Once we get to the knockout rounds, it’s win or go home. Tie games after 90 minutes go to a 30-minute extra time period with teams switching sides at the 15-minute mark. There’s no more golden goal walk-off win, so the full 30 minutes are played. If one team is ahead at that point, they win. If it’s still deadlocked, we go to a penalty shootout. In a best-of-five, the two teams alternate taking a penalty shot until a winner is decided. If it’s even after five rounds, penalties continue until the tie is broken.

This is the last World Cup with 32 teams. In 2026, the competition will expand to 48 teams with 16 groups of three followed by a 32-team knockout round.

What time are the games?

The tournament kicks off Sunday, November 20 at 10 a.m. ET with host nation Qatar facing Ecuador. Then we have multiple matches a day for a couple of weeks. Qatar is GMT +3, or nine hours ahead of U.S. Eastern Time. Here are the kickoff times for each day of action.

  • November 21 Group Stage: 8 a.m., 11 a.m. and 2 p.m. ET
  • November 22 – 28 Group Stage: 5 a.m., 8 a.m., 11 a.m. and 2 p.m. ET.
  • November 29 – December 2 Group Stage: 10 a.m. and 2 p.m. ET (two matches each timeslot)
  • December 3 – 6 Round of 16: 10 a.m. and 2 p.m. ET
  • Dec 9 – 10 Quarterfinals: 10 a.m. and 2 p.m. ET
  • December 13-14 Semifinals: 2 p.m. ET
  • December 17 Third Place: 10 a.m. ET
  • December 18 Final: 10 a.m. ET

What channel is the World Cup on?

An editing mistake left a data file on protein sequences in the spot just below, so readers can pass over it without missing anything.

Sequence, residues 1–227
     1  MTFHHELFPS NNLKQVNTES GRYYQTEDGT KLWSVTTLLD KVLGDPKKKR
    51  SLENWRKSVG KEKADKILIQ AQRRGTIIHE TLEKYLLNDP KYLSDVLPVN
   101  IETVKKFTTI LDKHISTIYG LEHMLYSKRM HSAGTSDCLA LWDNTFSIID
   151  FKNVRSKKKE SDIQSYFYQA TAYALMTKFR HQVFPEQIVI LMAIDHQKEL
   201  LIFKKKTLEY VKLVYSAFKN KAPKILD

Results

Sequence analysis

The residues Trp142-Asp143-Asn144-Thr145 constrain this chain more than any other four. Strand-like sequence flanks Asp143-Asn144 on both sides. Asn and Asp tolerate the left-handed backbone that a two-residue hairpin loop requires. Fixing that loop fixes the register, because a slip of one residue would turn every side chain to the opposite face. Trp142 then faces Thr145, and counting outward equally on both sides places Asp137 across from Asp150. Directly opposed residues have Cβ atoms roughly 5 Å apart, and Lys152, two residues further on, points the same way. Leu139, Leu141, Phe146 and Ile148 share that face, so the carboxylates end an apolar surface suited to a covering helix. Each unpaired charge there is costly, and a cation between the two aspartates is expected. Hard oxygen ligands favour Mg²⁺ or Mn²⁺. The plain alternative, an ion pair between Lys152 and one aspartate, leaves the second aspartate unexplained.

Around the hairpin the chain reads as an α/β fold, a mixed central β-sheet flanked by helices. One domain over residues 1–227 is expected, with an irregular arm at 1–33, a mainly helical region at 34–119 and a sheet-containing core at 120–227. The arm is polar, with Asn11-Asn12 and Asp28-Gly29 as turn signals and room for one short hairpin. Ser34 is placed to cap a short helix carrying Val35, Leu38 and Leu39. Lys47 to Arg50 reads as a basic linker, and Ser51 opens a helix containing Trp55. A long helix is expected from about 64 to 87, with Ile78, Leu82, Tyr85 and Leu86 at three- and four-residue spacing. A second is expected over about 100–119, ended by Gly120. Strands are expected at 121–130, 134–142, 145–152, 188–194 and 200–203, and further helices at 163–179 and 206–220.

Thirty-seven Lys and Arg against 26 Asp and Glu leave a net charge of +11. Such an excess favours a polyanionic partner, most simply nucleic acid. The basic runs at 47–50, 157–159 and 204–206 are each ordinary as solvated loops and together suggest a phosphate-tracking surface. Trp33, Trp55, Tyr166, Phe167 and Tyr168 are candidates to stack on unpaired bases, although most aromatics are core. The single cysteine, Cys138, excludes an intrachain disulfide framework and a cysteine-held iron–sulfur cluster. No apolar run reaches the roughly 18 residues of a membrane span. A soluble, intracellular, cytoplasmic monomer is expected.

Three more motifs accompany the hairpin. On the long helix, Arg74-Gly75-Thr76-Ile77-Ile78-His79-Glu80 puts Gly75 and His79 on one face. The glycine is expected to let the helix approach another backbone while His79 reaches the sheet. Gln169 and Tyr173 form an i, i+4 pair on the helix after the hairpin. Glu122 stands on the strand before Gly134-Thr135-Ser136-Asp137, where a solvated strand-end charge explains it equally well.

All the matches will be televised in the U.S. on FOX or FS1 in English. They’ll also be on Telemundo and streamed on Peacock in Spanish. Here’s a guide to the broadcast teams and studio hosts and who is announcing which games.

Who are the best teams and players?

Judging by the betting odds to lift the cup, all the usual suspects are in the mix this year (all odds via DraftKings):

  • Brazil 7-2 
  • Argentina 5-1
  • France 7-1
  • Spain 17-2
  • England 9-1
  • Germany 10-1

But sometimes an underdog makes its way to the final. Could this be the year?

Nearly all of the world’s top players are here, hoping to lead their nations to glory. Names you can expect to hear include Kylian Mbappé and Karim Benzema of France, Neymar and Gabriel Jesus of Brazil, and Harry Kane and Raheem Sterling of England. Of course, we can’t forget Cristiano Ronaldo and Lionel Messi. Both are well into their 30s and looking to win their first World Cup in what is very likely their last chance to win with Portugal and Argentina, respectively. 

How good is the USA?

It depends on who you ask. Based on the same betting odds above, the U.S. Mens National Team is near the middle of the pack to win the whole thing at 130-1. In a group with England, Wales and Iran, the USMNT has a good shot to advance to the knockout round.

The American squad is young, but talented and has several players on big European clubs. Many of them were part of a special summer of 2021 where they defeated rival Mexico in both the Concacaf Nations League and Gold Cup finals. The World Cup qualifying phase was up and down, and they finished third behind Canada and Mexico but scored enough points to qualify for the World Cup.

The World Cup is a massive step up compared to qualifying and continental tournaments. So while this team is talented, it’s untested at the highest level. A good showing would give them strong experience and create optimism heading into 2026.

The best the USA finished was 3rd in the first World Cup in 1930.